In addition to the Minister’s keynote, the Exhibition and a UK Energy Breakfast Seminar there was also a Cleantech Conference, Sustainable Solutions Market Panel and Resourceful Conference.  Therefore, the day wasn’t just about how Britain is developing low carbon energy solutions.  An example was illustrated by one of the speakers at the Cleantech Conference, Nick Thompson, MD of Fiberight, who commented: “We have a circular bio-economy technology that takes household waste and can turn 80% of it into valuable resources.  We are excited that within a year we’ll have a commercial plant operating in the USA, which will be able to process 180,000 tonnes of waste per year”.

Leaving Formula 1 to drive low carbon innovation

The Rushlight Awards ended the day, with many exciting start-ups represented.  The keynote was Mark Taylor, a colleague of Claire Perry in the Department for Business, Energy & Industrial Strategy (BEIS), and is their Head of Programme Delivery, Science and Innovation for Climate and Energy.  He explained that he left McLaren Formula 1 racing to join BEIS six months ago to be at the cutting edge of low carbon solutions development.

He observed: “There was nowhere near as big a change as I was expecting moving from F1 to government, coming across people with passion, drive and working hard to make a difference. What’s most important was entering an ecosystem of innovators who are committed to driving down consumption of carbon”. Taylor went onto explain that he was leading a £500m energy innovation programme, looking to develop solutions that drive decarbonisation.  A two-minute interview with him can be seen here.

Winning all around the world

Amongst the Award winners were Solar Polar, who are a good illustration of a UK business creating a solution for the global market.  Robert Edwards, their Chief Executive explained: “The Solar Polar system can provide refrigeration for vaccines and food storage. This is ideal for areas where there is unreliable or no grid electricity, but a huge need for cooling.  This is both a great commercial opportunity, and our solution will help save lives by making food and medicines available much more consistently, all using the purely power of the sun.”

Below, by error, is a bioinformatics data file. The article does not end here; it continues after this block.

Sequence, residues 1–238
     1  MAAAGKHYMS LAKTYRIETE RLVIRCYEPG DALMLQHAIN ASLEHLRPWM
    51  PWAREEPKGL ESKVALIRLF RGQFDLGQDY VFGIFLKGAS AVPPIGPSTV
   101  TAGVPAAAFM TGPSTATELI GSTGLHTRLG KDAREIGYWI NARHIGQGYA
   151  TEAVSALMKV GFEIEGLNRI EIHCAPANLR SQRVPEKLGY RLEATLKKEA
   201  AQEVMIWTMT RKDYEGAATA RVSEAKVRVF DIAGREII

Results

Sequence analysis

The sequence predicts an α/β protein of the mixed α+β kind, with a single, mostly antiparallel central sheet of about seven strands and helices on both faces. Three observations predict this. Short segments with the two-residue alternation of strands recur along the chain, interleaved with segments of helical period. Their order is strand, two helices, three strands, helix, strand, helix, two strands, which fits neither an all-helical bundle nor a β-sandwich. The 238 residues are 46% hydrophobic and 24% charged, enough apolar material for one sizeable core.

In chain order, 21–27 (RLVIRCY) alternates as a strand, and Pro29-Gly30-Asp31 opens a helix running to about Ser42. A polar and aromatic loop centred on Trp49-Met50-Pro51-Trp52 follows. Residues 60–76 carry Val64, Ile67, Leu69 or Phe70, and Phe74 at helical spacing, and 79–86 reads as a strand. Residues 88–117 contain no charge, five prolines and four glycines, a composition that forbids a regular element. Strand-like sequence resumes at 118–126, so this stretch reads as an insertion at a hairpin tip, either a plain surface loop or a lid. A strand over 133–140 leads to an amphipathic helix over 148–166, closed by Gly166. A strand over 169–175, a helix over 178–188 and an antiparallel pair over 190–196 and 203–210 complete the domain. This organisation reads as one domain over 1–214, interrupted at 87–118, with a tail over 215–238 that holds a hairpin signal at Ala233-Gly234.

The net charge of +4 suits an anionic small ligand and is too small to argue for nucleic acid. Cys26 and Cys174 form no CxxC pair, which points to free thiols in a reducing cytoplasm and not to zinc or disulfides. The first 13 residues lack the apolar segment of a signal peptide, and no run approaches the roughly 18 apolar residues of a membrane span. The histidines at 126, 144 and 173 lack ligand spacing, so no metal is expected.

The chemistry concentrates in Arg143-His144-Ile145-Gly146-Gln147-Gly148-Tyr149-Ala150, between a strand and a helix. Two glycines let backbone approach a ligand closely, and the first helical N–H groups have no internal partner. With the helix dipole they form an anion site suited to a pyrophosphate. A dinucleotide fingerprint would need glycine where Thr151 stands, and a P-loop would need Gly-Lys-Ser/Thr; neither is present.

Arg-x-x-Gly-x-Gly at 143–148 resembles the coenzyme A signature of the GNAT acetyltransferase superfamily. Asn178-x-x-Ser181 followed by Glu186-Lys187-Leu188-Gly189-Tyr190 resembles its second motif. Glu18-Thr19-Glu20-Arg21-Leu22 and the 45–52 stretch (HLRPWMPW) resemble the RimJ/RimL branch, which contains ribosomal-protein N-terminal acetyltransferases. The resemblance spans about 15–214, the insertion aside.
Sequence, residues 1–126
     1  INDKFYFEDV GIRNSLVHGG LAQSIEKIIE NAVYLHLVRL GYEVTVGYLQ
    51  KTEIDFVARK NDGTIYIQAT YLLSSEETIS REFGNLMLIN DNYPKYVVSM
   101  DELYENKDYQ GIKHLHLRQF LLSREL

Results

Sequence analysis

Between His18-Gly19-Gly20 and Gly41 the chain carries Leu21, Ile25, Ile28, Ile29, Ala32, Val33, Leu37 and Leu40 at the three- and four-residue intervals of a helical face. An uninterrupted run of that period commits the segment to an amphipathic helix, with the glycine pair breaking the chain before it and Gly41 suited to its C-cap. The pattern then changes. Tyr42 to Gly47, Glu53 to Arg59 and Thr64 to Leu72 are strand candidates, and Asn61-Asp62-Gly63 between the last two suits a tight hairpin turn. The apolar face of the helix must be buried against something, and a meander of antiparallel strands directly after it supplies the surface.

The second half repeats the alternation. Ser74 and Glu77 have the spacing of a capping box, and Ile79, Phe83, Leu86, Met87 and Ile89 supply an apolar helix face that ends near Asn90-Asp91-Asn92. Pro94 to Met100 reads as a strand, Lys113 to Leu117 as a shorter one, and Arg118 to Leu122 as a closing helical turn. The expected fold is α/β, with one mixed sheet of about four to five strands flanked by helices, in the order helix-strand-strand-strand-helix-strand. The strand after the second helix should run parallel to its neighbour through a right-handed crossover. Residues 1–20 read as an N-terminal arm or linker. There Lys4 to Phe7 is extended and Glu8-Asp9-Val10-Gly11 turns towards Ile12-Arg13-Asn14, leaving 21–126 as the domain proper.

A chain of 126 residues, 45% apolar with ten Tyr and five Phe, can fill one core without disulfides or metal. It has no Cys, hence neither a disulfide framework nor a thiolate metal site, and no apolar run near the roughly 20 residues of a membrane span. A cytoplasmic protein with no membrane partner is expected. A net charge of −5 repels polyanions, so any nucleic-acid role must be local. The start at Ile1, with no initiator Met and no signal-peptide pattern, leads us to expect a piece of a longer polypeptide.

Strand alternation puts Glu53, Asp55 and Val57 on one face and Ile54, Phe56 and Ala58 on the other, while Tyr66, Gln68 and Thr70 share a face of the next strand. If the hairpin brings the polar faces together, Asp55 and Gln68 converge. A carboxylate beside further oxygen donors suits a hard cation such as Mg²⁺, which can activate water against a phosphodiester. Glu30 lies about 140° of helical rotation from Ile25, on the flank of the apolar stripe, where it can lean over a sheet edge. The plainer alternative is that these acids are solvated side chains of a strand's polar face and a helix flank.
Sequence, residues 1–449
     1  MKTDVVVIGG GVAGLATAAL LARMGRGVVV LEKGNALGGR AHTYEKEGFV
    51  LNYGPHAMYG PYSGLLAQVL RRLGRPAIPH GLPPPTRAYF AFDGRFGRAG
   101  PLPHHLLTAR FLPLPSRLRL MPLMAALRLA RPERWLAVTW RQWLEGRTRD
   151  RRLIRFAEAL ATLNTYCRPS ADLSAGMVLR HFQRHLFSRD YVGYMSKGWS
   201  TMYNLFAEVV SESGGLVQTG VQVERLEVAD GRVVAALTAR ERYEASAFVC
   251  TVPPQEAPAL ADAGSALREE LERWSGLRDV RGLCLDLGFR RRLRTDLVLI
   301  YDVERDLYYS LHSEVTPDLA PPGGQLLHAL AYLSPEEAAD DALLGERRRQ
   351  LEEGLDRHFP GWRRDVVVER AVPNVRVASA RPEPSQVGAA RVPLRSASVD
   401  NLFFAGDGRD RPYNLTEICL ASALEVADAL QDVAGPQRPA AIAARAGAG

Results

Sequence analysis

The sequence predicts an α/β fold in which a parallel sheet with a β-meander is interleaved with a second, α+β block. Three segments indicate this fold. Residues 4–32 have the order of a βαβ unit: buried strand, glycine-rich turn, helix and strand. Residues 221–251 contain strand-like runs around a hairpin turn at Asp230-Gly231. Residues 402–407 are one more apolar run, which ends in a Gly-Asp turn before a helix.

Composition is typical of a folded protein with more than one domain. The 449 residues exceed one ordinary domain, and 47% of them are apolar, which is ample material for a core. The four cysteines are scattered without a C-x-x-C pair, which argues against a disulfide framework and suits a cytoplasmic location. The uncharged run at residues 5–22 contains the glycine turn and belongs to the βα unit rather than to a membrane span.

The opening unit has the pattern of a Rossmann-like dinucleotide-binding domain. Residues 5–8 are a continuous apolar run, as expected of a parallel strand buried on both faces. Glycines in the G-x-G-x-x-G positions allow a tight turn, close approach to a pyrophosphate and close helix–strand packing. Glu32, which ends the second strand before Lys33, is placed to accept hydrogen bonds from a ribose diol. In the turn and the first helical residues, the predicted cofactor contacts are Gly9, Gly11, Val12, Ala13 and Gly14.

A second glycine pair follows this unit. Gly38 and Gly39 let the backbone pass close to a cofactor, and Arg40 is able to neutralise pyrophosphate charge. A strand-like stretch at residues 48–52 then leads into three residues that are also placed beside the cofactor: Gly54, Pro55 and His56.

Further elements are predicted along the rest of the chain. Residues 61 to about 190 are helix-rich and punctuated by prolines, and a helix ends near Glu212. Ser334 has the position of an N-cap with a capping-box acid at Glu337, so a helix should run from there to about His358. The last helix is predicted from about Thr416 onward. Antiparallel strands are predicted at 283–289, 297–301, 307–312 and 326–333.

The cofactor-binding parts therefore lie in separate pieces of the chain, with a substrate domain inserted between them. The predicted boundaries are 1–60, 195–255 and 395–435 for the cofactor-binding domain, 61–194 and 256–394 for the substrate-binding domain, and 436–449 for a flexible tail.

Winner of the Rushlight Environmental Management Award, Manchester based SteamaCo are also working in developing countries to help unleash the opportunity of renewables. “We bring utility-type capabilities to organisations looking to buy, sell, and save energy in the world's toughest markets - off-grid Africa, Asia and Latin America” commented their COO, Emily Moder. She continued: “Our smart meter is universal, easy to install and four times cheaper than comparable products. Today, SteamaCo technology connects thousands of homes and businesses in seven countries across the developing world.”

Photo caption: Claire Perry, Minister of State for Energy and Clean Growth; Ioanna Armouti and Nick Wood of Powervault


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Megan is a writer and editor interested in sharing stories of positive change and resilience. She is the author of Show Up and Bring Coffee, a book highlighting how to support friends who are parents of disabled children. You can follow her at JoyfulBraveAwesome.com.

Read more stories by Megan Amrich